“Let your conversation be without covetousness; and be content with such things as ye have: for he hath said, I will never leave thee, nor forsake thee. So that we may boldly say, The Lord is my helper, and I will not fear what man shall do unto me” (Hebrews 13: 5-6)
We are living today in a materialistic world where the focus is on gaining and accumulating wealth. To many, money is power which can “buy” a comfortable life and meet one’s varied needs. As such, they spend their lives in the pursuit of material wealth.
The Bible warns us that those who seek the world’s riches will not only be ensnared, but enslaved by them: “But they that will be rich fall into temptation and a snare, and into many foolish and hurtful lusts, which drown men in destruction and perdition. For the love of money is the root of all evil: which while some coveted after, they have erred from the faith, and pierced themselves through with many sorrows” (I Tim 6: 9-10).
With this concern in mind, the apostle Paul urged believers to overcome their worldly mindset by cultivating a spirit of contentment: “Let your conversation be without covetousness; and be content with such things as ye have.” The words “conversation” and “covetousness” in the Greek mean “conduct” or “manner of life” and “love of silver” respectively.
Commentator William Burkitt describes a covetous spirit as “an eager and unsatiable desire after, accompanied with restless and unwearied endeavours for the things of this life, proceeding from an undue valuation of them, and an inordinate love unto them.” Contentment, on the other hand, is a calm disposition that rests satisfied with the providences of God – whether little or much – without murmuring against Him or envying others.
Note that the apostle’s exhortation was followed by a divine promise: “I will never leave thee, nor forsake thee.” Paul was quoting from Joshua 1: 5 when the Lord spoke these encouraging words to Joshua, the newly-appointed leader of the Israelites after the death of Moses: “There shall not any man be able to stand before thee all the days of thy life: as I was with Moses, so I will be with thee: I will not fail thee, nor forsake thee.”
Moses, Joshua’s predecessor, had assured him of God’s continual presence: “And Moses called unto Joshua, and said unto him in the sight of all Israel, Be strong and of a good courage: for thou must go with this people unto the land which the LORD hath sworn unto their fathers to give them; and thou shalt cause them to inherit it. And the LORD, he it is that doth go before thee; he will be with thee, he will not fail thee, neither forsake thee: fear not, neither be dismayed” (Deut 31: 7-8).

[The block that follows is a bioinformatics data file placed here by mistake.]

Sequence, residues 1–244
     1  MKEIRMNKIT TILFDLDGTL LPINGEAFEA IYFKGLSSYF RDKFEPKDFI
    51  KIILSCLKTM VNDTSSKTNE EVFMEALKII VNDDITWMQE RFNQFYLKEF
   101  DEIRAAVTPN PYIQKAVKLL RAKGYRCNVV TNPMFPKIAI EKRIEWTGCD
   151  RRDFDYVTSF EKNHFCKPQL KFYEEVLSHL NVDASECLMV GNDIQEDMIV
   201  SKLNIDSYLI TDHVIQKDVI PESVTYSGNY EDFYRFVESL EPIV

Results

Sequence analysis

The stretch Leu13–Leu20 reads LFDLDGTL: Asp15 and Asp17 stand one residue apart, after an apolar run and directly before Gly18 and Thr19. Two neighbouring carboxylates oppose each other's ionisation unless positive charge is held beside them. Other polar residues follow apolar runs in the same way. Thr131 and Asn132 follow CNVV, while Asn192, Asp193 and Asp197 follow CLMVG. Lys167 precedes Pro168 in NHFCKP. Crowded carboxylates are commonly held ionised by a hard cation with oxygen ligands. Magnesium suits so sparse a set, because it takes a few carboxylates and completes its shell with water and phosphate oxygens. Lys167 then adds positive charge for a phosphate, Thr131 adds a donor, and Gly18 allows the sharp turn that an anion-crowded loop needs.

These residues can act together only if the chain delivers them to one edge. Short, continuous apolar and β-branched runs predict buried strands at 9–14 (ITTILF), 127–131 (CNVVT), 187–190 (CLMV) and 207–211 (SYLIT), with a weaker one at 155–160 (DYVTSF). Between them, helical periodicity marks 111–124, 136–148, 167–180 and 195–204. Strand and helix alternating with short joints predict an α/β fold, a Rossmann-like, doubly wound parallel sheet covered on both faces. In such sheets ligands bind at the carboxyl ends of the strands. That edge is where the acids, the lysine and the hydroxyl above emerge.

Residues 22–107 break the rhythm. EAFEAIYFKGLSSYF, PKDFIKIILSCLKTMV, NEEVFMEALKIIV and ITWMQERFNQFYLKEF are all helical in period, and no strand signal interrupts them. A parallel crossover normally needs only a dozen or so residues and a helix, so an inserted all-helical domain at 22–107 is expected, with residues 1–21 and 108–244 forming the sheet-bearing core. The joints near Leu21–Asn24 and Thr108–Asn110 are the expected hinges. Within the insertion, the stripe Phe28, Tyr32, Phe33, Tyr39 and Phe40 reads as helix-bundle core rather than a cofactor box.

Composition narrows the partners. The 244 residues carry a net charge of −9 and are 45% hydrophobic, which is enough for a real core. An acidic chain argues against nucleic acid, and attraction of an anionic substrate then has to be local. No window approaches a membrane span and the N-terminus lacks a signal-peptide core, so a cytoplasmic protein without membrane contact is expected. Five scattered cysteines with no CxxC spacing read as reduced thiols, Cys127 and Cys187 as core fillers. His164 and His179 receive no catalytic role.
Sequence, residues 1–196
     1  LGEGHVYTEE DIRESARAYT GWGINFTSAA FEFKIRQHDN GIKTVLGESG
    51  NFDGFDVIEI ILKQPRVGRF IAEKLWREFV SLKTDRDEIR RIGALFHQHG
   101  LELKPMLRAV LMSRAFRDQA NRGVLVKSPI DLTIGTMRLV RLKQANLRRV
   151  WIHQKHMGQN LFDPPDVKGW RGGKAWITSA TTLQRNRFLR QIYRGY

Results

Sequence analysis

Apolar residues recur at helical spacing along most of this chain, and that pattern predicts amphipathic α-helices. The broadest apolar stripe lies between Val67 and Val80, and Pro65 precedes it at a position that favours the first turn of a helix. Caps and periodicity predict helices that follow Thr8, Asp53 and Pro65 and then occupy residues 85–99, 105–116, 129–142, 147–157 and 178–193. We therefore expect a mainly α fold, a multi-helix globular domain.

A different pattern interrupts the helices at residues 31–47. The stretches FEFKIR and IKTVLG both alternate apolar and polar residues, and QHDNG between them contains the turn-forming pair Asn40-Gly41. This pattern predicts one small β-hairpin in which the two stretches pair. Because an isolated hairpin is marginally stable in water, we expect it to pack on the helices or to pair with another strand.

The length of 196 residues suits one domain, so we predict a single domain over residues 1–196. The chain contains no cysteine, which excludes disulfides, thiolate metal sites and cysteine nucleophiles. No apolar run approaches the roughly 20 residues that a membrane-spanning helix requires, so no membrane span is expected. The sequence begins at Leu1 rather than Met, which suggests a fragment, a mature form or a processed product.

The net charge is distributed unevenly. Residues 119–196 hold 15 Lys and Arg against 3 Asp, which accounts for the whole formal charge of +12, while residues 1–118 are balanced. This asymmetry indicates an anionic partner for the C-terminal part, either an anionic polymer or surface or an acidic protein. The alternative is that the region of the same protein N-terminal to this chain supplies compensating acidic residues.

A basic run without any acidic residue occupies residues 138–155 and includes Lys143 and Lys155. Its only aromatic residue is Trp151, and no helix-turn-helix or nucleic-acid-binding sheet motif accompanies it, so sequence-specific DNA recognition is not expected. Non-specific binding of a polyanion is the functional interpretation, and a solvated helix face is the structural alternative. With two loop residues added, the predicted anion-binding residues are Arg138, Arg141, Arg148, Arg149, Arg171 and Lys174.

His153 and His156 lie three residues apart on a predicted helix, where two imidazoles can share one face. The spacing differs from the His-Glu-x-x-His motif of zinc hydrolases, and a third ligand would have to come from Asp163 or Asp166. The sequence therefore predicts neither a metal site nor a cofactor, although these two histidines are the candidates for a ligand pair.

Here, the Lord confirmed the word of Moses and promised never to leave Joshua, Israel’s new commander. God assured Joshua of His presence in this great work entrusted to him – of leading His people into the Promised Land. Just as the Lord was with Moses to strengthen
and prosper him, so would He also be with Joshua to bless him with victory and success. The Lord would not leave him destitute but would fulfil His promises to enable the Israelites to conquer and occupy the land of Canaan.
God’s promise of His presence to Joshua may be applied to all believers. In our Hebrews reading, it is set as a guard against covetousness and discontentment. Because the Lord is our Helper, we as God’s children need not be anxious about our daily needs nor should we fear in times of affliction or persecution. The Lord will never forsake us in our time of distress nor will He withhold any good thing from us. Certainly, He will grant us grace to help in time of need (Heb 4: 16).
As God’s people, let us be thankful for His daily presence and providential care. Let our lives reflect our satisfaction with the Lord and our contentment with our possessions, whether they be much or little. When faced with life’s trials, let us not murmur nor complain. Rather, let us depend upon the Lord our Helper to see us through our afflictions. Amen.